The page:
“Pretty funny,” Biff chuckled. There was a pause. “Hey, remember when Jesse saved that little girl’s life when she fell in the creek?”

               Cara remembered. Some fifteen years ago, Jesse had been walking home from the gym when a fifth grader had been swept away in the river. Jesse, the oldest of the children, had just slipped off his shoes, dived in and fireman-carried the girl back to safety. He’d pumped water out of her lungs. He was on alert because that was how it was. Jesse was the adult to all the other younger ones. It had never occurred to Cara until now that it was this benign neglect of the family that made him uniquely suited for what he’d done.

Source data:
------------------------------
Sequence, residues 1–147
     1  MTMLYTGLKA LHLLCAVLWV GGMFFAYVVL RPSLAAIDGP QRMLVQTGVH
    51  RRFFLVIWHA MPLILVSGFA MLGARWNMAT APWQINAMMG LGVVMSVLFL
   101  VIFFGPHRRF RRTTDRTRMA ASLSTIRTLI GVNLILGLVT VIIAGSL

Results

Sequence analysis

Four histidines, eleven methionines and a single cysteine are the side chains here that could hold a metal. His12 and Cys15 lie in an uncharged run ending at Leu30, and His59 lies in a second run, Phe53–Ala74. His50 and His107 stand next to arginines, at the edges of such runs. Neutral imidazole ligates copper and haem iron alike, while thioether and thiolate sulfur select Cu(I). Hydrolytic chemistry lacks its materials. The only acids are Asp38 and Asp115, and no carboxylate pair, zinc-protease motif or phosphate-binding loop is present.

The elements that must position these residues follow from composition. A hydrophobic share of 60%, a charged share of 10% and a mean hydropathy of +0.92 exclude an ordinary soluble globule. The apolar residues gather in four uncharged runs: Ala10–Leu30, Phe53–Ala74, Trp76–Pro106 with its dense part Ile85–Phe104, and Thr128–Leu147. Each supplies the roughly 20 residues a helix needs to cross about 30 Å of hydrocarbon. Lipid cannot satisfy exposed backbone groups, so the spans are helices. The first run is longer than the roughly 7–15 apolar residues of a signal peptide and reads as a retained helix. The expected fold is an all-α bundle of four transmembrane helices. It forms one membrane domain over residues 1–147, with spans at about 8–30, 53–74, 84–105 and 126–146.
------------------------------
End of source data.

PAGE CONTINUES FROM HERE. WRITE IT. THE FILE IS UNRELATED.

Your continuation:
“Yeah, Jesse’s a prodigy.”

               “You’re not so bad.”

               She stared out the window.

               “Weren’t you the full ride to Dartmouth?” She was surprised now. She had been, but she had striven so hard trying to earn the attention of her parents that it had never occurred to her that this had meaning for anyone other than herself.  “Mmhmm.”

               “Well, here you are.” The truck rolled to a stop. She hesitated.

               “Can I pay you?”

               “No.”

               “Want to come in for a second?”

               “Well, just for a minute.” Biff followed her in.

               Jesse was in the hallway taking off his coat. “Biffy!”

               “Jesse!”

               The two knocked shoulders. “It’s been years, buddy! What’re you doing here?”